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Those who do not learn from history…

July 18th, 2009 · Posted by Skuds in Life · No Comments · Life

The West Sussex County Times carries a column in its property porn section which is sponsored (and written) by a local mortgage company.  Sometimes I look at it, although normally I don’t.  This week I did and was left slack-jawed by the end of it.I thought that there was a sort of general consensus that one of the factors which contributed to the current econimon problems was the whole housing and mortgage situation, where banks were lending too much to people who couldn’t afford to pay, were lending too much compared to the value of houses, that property prices were too high, and so on.  This is why we have had banks limiting loans to 85% of the value of property and not lending more than three or four times income.

The financial services industry generally thought that the various controls and regulations that turned out to be too light and ineffectual were in fact too strict, and the Tories agreed with them.  You might have thought that everybody had learnt their lesson, but not according to Dale Jannels of AToM Ltd.  He starts by saying:

Nationwide launched a 125% mortgage this week!  Sadly, most reports failed to spot that this scheme is for existing borrowers, in negative equity, looking to move house!  Positive news, but the hype will have teased first time buyers who will have to wait a while longer yet!  In the middle of 2007 there were some 28,000 first time buyer products.  Today there are roughly 1,200.

Is it just me who feels a bit depressed at the suggestion that there is a pent-up demand for people to get their foot on the first rung of the property ladder by borrowing more than their house is worth?   Why is it “positive news” that banks are ready to start getting back into the bad habits that landed us in our current mess – even before the current mess is cleared up?    If these prospective buyers have such short memories, shouldn’t somebody be doing something to save them from themselves before they borrow more they can afford – when interest rates are so low that the only way they can do is up?

Later on there is this scientific-sounding statement on lending:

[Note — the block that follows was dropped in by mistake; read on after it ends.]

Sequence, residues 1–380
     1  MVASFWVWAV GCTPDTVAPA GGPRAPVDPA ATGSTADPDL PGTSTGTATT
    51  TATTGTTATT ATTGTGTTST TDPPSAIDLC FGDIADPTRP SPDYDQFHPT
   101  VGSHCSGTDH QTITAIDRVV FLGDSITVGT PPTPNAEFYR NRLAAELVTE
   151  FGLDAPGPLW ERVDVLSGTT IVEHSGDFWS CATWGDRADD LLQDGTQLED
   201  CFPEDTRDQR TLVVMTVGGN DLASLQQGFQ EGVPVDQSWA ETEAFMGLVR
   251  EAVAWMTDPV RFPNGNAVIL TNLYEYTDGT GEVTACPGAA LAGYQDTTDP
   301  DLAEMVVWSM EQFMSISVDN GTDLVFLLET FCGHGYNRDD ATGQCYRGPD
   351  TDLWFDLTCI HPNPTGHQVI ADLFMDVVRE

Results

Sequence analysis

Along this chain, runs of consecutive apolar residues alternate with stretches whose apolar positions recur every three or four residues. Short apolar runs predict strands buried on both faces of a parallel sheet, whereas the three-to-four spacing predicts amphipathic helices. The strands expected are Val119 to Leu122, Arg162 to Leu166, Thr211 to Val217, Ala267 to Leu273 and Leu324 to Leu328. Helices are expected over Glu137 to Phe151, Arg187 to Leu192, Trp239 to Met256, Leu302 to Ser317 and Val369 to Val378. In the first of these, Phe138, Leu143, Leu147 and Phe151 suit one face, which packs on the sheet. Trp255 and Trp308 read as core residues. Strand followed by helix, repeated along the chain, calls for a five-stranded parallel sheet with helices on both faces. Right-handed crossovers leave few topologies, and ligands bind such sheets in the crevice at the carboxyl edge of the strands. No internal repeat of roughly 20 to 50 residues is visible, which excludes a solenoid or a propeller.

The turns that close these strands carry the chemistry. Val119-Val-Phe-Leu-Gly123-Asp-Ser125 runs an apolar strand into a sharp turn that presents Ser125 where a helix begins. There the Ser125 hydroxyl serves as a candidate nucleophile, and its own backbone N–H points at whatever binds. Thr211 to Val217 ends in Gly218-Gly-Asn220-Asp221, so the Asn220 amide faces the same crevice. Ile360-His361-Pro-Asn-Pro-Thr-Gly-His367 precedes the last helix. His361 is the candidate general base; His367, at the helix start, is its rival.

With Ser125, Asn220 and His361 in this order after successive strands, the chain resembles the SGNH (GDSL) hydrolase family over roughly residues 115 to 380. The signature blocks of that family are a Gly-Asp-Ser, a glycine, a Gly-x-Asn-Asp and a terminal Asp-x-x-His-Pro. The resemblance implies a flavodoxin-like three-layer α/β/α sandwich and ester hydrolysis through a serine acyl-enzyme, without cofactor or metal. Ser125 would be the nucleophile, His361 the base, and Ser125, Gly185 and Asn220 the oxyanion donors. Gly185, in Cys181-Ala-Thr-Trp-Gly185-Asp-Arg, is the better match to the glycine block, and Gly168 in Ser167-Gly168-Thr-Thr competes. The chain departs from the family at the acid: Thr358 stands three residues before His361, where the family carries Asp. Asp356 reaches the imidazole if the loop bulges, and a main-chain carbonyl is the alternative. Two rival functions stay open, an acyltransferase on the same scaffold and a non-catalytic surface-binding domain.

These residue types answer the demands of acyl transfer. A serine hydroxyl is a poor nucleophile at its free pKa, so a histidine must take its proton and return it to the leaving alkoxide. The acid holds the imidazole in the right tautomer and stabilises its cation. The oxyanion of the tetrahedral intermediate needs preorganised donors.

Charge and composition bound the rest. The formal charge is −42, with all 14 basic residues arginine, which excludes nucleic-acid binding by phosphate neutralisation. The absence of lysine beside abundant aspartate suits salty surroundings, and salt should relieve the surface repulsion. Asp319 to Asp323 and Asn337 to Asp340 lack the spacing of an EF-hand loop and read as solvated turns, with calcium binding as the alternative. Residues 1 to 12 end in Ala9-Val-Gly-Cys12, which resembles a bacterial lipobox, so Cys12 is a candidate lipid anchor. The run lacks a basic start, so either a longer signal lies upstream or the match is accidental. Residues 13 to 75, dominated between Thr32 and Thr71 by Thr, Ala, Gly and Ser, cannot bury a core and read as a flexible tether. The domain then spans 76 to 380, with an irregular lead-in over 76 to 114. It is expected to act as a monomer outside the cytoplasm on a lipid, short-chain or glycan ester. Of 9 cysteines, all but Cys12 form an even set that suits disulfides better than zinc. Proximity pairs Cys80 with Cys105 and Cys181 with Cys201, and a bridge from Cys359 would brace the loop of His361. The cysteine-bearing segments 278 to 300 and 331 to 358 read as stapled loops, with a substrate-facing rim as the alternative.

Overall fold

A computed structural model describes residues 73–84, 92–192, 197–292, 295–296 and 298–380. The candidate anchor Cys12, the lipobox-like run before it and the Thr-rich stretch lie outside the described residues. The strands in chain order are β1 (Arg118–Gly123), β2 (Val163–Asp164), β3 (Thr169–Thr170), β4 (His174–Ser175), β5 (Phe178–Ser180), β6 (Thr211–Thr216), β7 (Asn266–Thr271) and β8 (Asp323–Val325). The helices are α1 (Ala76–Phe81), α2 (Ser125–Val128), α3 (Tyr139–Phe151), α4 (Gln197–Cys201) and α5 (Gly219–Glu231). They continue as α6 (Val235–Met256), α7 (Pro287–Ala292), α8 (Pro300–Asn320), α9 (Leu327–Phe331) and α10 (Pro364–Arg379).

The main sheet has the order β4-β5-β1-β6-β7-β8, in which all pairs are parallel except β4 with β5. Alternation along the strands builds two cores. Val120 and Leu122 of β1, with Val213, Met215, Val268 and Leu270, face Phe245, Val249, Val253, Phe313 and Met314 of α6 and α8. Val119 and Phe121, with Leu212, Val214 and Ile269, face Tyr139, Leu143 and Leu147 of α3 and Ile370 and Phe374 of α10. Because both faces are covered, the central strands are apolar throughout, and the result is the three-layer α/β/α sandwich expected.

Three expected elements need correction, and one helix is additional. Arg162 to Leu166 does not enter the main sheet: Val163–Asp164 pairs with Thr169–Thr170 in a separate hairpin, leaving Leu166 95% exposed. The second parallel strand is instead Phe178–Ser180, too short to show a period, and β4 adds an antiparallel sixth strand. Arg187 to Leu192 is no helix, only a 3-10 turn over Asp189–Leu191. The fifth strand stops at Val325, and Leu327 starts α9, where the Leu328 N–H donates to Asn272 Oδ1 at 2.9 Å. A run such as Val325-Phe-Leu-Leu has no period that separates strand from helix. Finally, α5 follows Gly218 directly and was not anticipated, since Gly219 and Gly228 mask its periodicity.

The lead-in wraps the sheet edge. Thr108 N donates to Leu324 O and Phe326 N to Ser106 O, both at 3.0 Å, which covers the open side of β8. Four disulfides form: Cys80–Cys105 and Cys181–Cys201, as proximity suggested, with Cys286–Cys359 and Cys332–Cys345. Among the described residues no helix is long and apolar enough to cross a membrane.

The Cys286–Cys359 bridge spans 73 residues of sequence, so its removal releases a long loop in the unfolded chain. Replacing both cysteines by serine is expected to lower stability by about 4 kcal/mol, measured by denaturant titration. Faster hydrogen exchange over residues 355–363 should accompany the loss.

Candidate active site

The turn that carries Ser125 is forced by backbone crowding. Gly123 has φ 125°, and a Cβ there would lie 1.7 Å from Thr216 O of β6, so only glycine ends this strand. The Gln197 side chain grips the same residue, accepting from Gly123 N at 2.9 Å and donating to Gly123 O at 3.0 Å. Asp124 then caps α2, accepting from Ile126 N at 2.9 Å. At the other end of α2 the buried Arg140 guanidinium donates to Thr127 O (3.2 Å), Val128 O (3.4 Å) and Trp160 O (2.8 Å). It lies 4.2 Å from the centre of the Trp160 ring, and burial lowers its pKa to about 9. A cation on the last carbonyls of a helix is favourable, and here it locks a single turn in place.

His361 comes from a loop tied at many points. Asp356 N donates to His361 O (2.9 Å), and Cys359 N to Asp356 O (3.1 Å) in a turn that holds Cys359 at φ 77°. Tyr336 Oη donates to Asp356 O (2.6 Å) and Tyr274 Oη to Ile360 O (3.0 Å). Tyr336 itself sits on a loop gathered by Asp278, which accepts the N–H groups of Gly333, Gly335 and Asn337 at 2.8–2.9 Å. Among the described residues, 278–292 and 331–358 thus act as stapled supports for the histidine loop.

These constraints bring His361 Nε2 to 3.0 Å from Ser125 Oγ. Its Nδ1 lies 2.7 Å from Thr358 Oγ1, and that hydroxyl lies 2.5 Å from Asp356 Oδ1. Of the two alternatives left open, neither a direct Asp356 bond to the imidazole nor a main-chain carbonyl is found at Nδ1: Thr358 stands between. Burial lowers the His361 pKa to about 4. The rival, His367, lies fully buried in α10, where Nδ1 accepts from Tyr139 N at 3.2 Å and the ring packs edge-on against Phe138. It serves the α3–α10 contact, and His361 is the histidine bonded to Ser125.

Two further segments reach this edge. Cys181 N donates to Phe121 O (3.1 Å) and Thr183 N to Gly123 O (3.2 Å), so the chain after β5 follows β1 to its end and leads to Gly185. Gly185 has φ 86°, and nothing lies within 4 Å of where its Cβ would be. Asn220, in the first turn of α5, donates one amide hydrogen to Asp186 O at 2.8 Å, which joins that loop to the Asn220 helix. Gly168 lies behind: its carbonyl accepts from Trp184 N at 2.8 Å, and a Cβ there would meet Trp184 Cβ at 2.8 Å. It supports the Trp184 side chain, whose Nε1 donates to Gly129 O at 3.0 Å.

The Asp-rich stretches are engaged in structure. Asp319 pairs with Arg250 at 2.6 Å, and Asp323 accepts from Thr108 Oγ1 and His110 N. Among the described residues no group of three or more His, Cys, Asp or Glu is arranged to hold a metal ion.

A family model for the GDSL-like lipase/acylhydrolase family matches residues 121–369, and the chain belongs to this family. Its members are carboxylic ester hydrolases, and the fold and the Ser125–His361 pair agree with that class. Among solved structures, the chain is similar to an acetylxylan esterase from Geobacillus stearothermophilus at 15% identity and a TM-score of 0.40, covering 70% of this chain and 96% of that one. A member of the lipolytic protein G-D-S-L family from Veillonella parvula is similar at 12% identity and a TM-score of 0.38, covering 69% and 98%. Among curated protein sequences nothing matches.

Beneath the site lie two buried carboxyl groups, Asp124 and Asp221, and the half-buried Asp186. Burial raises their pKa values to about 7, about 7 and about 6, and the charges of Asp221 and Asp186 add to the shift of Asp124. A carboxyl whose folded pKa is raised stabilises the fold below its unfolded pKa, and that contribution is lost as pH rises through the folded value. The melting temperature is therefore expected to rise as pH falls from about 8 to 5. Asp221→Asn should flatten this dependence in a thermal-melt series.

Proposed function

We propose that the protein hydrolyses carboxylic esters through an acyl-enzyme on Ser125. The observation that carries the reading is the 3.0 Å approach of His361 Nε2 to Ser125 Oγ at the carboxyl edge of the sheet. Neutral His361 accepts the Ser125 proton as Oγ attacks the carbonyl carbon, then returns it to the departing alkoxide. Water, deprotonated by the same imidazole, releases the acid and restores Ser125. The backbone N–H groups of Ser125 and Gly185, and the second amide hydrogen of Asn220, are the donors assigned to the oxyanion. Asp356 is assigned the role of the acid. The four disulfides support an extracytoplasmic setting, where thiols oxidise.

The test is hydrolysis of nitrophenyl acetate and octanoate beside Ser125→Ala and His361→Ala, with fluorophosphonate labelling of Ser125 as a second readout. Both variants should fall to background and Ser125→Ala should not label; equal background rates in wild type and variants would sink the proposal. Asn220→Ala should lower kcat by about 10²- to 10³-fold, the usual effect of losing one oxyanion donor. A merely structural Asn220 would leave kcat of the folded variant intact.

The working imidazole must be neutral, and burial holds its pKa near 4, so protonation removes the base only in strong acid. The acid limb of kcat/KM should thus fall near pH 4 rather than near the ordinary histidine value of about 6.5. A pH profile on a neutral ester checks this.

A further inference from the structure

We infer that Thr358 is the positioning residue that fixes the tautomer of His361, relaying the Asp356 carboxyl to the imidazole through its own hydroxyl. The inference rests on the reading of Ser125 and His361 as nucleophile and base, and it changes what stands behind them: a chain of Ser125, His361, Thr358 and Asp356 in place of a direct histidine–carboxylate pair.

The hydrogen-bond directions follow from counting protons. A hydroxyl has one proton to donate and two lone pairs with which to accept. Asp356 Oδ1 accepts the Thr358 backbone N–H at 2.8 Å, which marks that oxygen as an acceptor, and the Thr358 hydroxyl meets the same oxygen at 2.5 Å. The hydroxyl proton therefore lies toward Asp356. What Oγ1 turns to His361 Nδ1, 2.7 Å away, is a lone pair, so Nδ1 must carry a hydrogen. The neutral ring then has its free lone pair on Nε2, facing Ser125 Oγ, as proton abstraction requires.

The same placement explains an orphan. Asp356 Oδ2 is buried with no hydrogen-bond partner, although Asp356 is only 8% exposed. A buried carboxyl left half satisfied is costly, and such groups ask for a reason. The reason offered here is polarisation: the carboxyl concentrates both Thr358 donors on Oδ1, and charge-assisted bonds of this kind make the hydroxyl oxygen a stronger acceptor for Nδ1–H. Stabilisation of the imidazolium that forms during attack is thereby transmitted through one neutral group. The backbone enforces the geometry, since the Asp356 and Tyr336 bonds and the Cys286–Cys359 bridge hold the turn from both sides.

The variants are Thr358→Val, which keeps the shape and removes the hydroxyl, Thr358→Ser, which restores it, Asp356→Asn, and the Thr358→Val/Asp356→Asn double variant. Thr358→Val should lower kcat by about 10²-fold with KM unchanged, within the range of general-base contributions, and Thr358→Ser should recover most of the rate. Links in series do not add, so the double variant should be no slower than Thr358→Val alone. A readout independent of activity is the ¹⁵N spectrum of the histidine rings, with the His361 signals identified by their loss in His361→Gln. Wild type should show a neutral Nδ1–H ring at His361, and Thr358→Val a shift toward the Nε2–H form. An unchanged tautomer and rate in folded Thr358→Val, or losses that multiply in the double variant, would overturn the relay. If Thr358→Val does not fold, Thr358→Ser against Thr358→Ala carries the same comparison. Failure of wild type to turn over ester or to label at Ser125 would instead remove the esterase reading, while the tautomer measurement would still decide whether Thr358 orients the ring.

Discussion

However, it is borrowers moving from lender to lender which helps to stimulate money movement in the financial markets.  Borrowers leaving a lender release funds for someone else, and so on.

Not sure I follow that.  If an existing borrower moves from one lender to another they will free up funds with their old lender – but use up funds with the new one.  There is no new business; just a bit of a merry-go-round that ultimately just benefits those on a commission to help keep it going round. (Like AToM Ltd?)

But the real  scene-stealer was at the end:

Finally, re-mortgage applications have increased recently.  Borrowers looking to secure long-term fixed rates are applying at the right time.  Some, who are in increasing financial difficulties, are looking for sensible ways to remortgage (not always our recommendation).  Others are releasing equity to acquire Buy to Let properties in the current cheaper climate.

Wasn’t it only a few months ago that the papers were full of stories of buy-to-let landlords coming undone, when they discovered that there really is no such thing as a free lunch?   If you have a house with some equity in it you are secure.  Use that equity as a deposit on a second house, then borrow the rest and you are not secure.  When your fixed rate deal ends and you are suddenly faced with mortgage payments doubling what are you going to do?  Double the rents so that nobody can afford them?

And then what will you do? Blame the government? Blame the banks? Or blame yourself for being greedy?

Suddenly it becomes clear how the whole housing and mortgage market got into their spirals in the first place – it appears that we are all rushing, lemming-like, to make sure we are as close to the edge as possible.

Let’s get some proper regulation in this business while we still can.  If the Tories get into government then, for some reason, I can’t see them putting in any sort of regulation – they thought there was too much to start with – so we should be doing something nw while we still can.  Prospective first-time buyers will be better served by a drop in house prices than by an increased willingness or ability to lend them what they can’t afford.   Preventing irresponsible lending should go hand-in-hand with building more affordable homes suitable for first-time buyers rather than more four-bedroomed houses.

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